However, now I was tired, so I rode the wake back over to where Dale had wiped out earlier and bailed. What do you know--the water did seem warmer over here.
          "Nice recovery," Skipper greeted me as he pulled the boat up.
          "Yeah, did you see the rope hit the water?" I asked, kicking my skis off and passing them up to Dale.
          "That's why I didn't take off too fast. I figured that'd help," Skipper explained.
          "You wanna turn?" I suggested mischievously as I began boarding.
          "I don't think he's gonna," Dale laughed.
          "No swim trunks," Skipper explained with the cheerful air of one who would be keeping his kiester in a relatively unfrozen state.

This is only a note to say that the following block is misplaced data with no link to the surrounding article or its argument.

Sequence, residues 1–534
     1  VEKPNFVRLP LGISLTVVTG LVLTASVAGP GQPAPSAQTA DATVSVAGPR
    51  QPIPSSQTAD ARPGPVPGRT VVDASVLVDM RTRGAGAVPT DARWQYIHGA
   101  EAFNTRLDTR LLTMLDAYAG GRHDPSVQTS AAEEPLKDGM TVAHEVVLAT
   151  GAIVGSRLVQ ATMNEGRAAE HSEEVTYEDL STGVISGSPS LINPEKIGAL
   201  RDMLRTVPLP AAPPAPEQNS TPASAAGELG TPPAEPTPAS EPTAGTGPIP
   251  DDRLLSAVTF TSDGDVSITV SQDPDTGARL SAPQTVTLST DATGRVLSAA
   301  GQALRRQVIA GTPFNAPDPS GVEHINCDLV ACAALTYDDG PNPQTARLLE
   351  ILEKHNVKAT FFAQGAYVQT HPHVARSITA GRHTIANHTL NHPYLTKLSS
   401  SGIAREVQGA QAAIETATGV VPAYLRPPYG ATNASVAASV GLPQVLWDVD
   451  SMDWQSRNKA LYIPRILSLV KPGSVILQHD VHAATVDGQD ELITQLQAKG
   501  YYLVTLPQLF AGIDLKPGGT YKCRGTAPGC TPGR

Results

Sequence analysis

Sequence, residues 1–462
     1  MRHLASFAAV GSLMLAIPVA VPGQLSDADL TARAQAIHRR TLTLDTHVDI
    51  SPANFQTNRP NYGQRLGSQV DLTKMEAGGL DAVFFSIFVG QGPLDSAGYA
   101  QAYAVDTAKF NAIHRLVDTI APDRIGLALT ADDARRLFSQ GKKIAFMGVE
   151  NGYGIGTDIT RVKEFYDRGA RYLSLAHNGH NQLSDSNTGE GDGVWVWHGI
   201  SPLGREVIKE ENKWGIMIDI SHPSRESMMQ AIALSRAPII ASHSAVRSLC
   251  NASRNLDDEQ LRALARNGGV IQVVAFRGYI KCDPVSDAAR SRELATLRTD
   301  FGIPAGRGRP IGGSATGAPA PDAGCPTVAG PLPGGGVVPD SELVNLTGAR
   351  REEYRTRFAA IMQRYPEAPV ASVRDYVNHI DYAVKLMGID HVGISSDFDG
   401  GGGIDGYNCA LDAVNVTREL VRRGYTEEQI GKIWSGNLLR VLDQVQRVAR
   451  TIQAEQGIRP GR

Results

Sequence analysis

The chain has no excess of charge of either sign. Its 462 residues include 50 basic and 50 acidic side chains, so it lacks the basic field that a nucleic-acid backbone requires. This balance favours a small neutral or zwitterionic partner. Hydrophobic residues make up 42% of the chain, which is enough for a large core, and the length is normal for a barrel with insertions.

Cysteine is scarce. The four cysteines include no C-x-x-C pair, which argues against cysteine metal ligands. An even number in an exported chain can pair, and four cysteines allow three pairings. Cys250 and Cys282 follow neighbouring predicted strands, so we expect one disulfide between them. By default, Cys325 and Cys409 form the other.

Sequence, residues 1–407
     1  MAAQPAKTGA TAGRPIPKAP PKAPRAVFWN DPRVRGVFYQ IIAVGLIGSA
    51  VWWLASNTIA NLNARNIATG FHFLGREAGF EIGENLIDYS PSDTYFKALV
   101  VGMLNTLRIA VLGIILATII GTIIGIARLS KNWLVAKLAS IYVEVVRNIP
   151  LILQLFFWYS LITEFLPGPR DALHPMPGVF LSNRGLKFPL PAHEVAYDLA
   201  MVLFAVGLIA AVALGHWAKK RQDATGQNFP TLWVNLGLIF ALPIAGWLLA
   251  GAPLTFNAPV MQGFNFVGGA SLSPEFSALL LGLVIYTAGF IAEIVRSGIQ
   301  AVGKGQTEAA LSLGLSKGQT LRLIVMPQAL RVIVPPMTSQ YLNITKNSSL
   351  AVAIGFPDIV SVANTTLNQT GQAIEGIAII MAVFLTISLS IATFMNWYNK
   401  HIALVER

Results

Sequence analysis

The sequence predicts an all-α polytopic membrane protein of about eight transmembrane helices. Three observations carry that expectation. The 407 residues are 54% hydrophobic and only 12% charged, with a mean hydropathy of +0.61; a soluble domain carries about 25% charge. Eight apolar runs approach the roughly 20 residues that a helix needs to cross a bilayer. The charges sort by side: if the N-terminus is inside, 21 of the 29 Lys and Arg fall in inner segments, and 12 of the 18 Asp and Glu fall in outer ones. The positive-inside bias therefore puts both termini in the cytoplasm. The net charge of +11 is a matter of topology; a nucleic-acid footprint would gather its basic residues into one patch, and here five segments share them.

"I could lend you mine," I joked.
          Dale laughed. "Well, we should probably get back for dinner."
          "Mind if we go cruising for a bit first?" Skipper asked.
          "Hey, fine by me," I shrugged, grabbing a towel and trying to dry off.
          Once Dale had the gear stowed, Skipper started the motor and we cruised out onto the middle of the lake. I couldn't help grinning. "I gotta get me a boat. Whaddaya think, Dale?"
          "THIS IS THE LIFE!!!" Dale whooped.

Tuesday, September 23, 2014

Captain's Log, Day 130: Secret Agent Man

          The year was 2006. The place? Deep in enemy Russia.
          I kept a tight grip on my gun as I crawled up the hill, undergrowth poking me in the stomach. It took all of fifteen feet for me to get thoroughly sick of that, so I stood up and charged up the hill in an awkward crouch that was undignified in the extreme but kept me effectively invisible.